Michael Vick has agreed to pay the Atlanta Falcons $6.5 million as part of his bankruptcy case, clearing the way for the team to release him before training camp, a person familiar with the settlement said today.
FLOWERY BRANCH, Ga. — Michael Vick has agreed to pay the Atlanta Falcons $6.5 million as part of his bankruptcy case, clearing the way for the team to release him before training camp, a person familiar with the settlement said today.
The person, who spoke on condition of anonymity because the settlement was not being announced publicly, said the payment would go toward settling a bankruptcy claim by the team for salary paid to Vick while he was missing the last two seasons.
Vick pleaded guilty to federal dogfighting charges and is in the final months of a nearly two-year sentence. He was once the NFL's highest-paid player, signing a $130 million, 10-year deal with the Falcons in December 2004.
The settlement was reached ahead of Vick's bankruptcy hearing in Virginia on Thursday. It does not affect the Falcons' claim involving bonuses already paid to the quarterback.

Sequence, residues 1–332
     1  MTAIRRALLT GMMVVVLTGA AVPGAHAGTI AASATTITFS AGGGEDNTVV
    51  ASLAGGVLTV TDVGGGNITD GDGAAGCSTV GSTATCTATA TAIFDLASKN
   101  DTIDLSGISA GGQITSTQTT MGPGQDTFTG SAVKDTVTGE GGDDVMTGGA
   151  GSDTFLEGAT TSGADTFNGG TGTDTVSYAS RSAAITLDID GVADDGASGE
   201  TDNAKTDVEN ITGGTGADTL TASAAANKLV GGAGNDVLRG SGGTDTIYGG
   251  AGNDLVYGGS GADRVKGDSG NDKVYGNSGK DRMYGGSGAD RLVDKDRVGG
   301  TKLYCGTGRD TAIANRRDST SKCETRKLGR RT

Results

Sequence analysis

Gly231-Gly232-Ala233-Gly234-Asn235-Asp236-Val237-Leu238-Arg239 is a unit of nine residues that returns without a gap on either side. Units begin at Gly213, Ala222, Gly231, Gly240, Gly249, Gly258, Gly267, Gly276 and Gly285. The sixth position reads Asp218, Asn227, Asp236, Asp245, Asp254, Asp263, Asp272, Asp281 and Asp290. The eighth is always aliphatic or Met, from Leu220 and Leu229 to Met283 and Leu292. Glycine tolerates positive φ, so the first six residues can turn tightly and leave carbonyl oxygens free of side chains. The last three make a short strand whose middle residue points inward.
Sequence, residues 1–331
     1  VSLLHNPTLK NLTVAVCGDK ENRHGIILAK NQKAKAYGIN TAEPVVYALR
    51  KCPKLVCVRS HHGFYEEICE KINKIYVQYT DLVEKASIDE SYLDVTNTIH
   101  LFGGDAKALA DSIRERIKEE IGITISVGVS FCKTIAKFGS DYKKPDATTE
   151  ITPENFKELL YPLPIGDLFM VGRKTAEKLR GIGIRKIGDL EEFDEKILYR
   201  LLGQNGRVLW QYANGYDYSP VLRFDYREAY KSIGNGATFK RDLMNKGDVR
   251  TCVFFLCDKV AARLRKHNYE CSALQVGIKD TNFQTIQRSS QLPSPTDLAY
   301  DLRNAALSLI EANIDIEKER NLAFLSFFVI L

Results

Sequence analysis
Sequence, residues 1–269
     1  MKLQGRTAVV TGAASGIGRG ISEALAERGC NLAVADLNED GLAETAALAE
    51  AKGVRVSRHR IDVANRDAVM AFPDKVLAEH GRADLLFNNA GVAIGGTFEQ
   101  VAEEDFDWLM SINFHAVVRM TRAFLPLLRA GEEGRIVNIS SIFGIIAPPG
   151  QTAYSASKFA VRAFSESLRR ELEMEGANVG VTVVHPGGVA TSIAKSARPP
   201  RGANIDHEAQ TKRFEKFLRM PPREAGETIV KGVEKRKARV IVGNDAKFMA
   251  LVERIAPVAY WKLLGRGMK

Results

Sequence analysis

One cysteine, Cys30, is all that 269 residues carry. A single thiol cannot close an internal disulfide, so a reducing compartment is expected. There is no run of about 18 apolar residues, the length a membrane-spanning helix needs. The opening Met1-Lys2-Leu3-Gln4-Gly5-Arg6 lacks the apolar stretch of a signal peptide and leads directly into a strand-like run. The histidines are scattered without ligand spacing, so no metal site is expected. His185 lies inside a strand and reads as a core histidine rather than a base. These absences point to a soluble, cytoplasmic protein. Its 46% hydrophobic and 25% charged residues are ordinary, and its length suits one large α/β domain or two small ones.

An arbitrator ruled the team was owed $20 million, a federal judge reduced the award to $3.75 million and the team has appealed to the 8th U.S. Circuit Court of Appeals. A ruling is expected in June.
Once that issue is resolved, Vick is likely to be released by the Falcons. The team has pursued trade talks, but there appears to be little interest by the Falcons in the player who became the first quarterback in NFL history to rush for more than 1,000 yards in a season.
He was due to receive a base salary of $9 million and a bonus of $6.43 million in 2009. The remainder of the contract was worth at least $45.11 million.
Vick hopes to resume his career with another team. NFL commissioner Roger Goodell has said he will review quarterback's indefinite suspension after he is released from prison.
While Vick is still technically part of the team, the Falcons moved on a year ago when they drafted Matt Ryan with the No. 3 overall pick. He had a stellar debut season, leading Atlanta to an 11-5 record and an unexpected spot in the playoffs while earning The Associated Press offensive rookie of the year award.
The team had no comment on the settlement, though everyone in the organization looks forward to dealing with no more questions about Vick.
"I'm pretty much sure it's behind us now," running back Michael Turner said. "It's over."